When you come to a new country which is multilingual and English speaking, where the number of languages most people speak is at least two, if not more, you tend to think, at first, that you understand signs and what they mean when they are in English.
Until you realize that you don’t, quite.
After six months in Singapore, it’s still hard for me to know when Singaporeans are serious and when they are tongue-in-cheek, when it’s a genuine mistake in translation and when it’s simply a different usage of English (from what I’ve been used to) and when there is some history behind a term I’m totally unaware of because of which I just didn’t get it.
I’ve passed by this sign for a restaurant at a beautiful mall in Bugis. I thought I’d take a picture of it today. There is a picture of a whole skinned chicken next to it.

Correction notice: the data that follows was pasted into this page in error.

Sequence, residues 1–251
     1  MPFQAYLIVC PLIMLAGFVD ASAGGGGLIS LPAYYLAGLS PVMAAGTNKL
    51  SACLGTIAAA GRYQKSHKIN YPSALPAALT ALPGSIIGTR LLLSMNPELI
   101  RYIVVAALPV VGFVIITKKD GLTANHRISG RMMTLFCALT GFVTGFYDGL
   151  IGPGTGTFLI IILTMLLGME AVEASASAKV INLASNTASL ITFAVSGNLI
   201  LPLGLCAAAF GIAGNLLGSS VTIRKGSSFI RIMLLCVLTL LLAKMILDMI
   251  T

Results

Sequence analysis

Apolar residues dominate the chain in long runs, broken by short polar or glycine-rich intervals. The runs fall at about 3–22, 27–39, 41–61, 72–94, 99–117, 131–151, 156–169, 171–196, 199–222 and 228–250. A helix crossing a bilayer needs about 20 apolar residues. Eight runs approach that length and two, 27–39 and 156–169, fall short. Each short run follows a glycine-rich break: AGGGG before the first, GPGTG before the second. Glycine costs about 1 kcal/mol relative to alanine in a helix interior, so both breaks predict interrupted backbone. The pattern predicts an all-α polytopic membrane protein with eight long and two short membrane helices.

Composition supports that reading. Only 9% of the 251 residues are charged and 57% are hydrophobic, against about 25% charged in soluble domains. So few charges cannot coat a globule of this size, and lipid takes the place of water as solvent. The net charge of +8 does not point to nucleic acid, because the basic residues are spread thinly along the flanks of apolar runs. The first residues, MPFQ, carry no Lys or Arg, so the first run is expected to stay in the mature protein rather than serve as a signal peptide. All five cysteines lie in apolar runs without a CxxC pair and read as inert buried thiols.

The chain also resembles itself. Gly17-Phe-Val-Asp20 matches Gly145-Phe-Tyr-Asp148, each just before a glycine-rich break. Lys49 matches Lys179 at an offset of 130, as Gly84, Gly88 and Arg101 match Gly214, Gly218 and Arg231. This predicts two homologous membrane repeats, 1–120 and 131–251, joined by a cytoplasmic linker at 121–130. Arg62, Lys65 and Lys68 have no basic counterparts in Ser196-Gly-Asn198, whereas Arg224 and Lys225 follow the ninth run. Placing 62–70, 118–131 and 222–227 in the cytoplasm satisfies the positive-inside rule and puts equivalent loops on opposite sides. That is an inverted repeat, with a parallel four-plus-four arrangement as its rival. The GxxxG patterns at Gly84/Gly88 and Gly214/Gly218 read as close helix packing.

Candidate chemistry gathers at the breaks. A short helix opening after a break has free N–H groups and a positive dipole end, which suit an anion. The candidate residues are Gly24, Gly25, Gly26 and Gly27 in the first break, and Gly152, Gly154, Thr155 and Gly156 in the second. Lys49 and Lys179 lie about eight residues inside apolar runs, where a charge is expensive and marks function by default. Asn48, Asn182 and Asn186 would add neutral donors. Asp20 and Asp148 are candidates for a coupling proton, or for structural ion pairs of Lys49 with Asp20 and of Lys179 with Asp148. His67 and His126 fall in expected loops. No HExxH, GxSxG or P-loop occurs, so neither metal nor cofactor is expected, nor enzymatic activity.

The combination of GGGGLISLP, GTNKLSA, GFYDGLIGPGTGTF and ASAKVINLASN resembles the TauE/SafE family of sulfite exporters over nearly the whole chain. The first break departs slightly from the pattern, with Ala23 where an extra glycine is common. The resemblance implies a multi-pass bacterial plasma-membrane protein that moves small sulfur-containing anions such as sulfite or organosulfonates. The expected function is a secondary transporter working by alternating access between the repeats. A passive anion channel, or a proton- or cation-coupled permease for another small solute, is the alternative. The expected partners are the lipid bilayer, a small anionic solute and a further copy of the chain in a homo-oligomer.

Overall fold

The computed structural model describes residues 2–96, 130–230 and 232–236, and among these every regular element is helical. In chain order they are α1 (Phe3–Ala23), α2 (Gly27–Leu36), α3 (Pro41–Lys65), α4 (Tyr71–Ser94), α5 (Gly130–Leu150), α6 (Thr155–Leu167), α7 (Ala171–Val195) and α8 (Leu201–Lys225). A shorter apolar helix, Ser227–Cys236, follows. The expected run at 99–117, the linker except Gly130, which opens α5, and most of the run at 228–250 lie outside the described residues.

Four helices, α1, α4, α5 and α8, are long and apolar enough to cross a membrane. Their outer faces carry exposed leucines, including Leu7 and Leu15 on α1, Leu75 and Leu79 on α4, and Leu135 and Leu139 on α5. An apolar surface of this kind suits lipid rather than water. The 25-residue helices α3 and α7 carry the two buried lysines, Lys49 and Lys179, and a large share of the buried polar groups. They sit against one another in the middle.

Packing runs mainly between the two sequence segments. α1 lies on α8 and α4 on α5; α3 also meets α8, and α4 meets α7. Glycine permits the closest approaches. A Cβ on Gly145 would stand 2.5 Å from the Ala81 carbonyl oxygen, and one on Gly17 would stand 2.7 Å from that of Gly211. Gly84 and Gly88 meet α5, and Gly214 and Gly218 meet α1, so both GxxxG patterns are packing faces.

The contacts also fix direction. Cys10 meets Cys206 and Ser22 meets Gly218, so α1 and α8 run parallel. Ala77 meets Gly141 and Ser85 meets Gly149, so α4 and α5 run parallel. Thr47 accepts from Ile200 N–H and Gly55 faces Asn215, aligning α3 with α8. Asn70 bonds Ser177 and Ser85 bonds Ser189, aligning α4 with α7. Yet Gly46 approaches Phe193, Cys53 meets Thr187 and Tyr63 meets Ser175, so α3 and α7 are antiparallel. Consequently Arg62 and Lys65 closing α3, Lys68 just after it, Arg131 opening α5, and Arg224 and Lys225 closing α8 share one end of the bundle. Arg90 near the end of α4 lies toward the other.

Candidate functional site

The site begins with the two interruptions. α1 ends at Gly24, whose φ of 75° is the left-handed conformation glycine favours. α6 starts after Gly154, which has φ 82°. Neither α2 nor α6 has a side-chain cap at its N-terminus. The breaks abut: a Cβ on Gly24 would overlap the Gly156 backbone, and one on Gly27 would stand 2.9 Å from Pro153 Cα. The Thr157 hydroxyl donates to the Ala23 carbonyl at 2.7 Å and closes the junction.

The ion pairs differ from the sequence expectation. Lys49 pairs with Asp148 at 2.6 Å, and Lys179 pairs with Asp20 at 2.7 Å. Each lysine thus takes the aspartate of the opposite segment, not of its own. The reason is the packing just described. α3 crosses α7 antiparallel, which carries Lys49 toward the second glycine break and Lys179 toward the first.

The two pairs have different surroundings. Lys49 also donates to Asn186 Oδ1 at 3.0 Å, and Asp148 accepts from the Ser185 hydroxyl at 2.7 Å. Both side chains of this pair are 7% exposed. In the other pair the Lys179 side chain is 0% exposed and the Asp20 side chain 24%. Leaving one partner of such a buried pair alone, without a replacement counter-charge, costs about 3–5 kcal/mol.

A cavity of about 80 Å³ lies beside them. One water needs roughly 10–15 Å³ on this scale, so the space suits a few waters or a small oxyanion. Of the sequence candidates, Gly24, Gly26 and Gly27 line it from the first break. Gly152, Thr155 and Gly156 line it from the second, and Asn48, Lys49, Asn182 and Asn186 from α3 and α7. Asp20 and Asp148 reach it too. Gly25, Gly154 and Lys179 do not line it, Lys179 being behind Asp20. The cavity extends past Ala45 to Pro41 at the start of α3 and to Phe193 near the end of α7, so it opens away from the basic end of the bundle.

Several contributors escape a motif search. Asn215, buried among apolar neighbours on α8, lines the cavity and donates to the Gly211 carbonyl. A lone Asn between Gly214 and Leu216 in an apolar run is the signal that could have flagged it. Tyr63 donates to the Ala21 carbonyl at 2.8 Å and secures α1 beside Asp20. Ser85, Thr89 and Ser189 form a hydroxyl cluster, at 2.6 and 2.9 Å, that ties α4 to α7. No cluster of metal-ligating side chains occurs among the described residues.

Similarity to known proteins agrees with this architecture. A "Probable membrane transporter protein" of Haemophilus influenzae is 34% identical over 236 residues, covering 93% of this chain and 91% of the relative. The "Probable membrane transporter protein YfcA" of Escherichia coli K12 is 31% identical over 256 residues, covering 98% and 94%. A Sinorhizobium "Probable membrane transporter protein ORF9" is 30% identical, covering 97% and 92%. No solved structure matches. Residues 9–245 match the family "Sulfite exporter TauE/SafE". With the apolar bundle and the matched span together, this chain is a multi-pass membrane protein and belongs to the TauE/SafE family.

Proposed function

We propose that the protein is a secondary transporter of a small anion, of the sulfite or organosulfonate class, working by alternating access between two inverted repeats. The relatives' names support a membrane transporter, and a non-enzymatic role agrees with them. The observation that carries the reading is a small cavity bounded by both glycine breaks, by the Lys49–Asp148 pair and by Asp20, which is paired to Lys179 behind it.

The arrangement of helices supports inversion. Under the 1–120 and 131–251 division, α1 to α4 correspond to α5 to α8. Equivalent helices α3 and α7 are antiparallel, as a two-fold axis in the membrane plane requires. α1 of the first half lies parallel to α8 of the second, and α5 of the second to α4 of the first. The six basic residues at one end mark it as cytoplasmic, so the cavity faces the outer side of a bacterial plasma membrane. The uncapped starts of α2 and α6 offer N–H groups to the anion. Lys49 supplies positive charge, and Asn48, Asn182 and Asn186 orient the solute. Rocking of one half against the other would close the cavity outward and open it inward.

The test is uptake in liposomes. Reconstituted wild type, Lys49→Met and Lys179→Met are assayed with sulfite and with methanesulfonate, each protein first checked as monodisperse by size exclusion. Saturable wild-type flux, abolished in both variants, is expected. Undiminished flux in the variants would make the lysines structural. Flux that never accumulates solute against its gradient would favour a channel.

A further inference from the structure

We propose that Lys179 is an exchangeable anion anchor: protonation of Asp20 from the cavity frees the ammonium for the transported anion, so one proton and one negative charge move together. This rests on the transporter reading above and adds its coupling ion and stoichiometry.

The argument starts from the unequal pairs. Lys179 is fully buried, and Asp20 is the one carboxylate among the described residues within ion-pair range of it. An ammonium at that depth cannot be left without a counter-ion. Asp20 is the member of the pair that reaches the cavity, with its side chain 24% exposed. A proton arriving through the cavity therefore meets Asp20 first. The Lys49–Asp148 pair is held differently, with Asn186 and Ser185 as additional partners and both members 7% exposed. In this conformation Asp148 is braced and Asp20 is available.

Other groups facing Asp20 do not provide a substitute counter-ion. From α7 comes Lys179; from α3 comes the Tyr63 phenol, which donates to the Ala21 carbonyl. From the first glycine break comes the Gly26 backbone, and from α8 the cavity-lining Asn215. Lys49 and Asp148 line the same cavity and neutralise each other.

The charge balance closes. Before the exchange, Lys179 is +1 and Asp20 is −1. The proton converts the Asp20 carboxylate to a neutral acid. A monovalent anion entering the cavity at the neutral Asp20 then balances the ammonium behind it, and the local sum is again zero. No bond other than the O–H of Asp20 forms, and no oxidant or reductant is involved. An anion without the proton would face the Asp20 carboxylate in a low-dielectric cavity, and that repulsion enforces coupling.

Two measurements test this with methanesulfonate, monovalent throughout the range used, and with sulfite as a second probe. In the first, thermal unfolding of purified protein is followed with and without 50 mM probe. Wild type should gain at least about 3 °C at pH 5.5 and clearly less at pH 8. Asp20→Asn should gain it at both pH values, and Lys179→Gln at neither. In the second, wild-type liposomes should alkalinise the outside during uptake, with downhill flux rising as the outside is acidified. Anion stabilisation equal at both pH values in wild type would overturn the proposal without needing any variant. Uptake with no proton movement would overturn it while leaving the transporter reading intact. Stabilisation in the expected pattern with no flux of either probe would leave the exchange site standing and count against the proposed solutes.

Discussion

There are signs for sales everywhere. This kind of humour is something I’m more familiar with:
The construction taking place all over the island is accompanied by a ubiquitous term that I wouldn’t have used quite the same way but I’m getting more and more used to it– “business as usual.”
Sometimes there are signs where I think there is an issue with translation when it isn’t an issue at all.
The caption is from an older post but I found out later that this is a dish invented by a husband and wife duo and not what it seems like at all.
Other occasions show signs for more practical reasons but they still seem unfamiliar (to me). These cutouts of cows representing various professions of people here on the occasion of fifty years of Singaporean independence are in many places. But also accompanying them is a sign:
For those of you who are not familiar with this part of the world, I’ll leave you to decipher the following sign: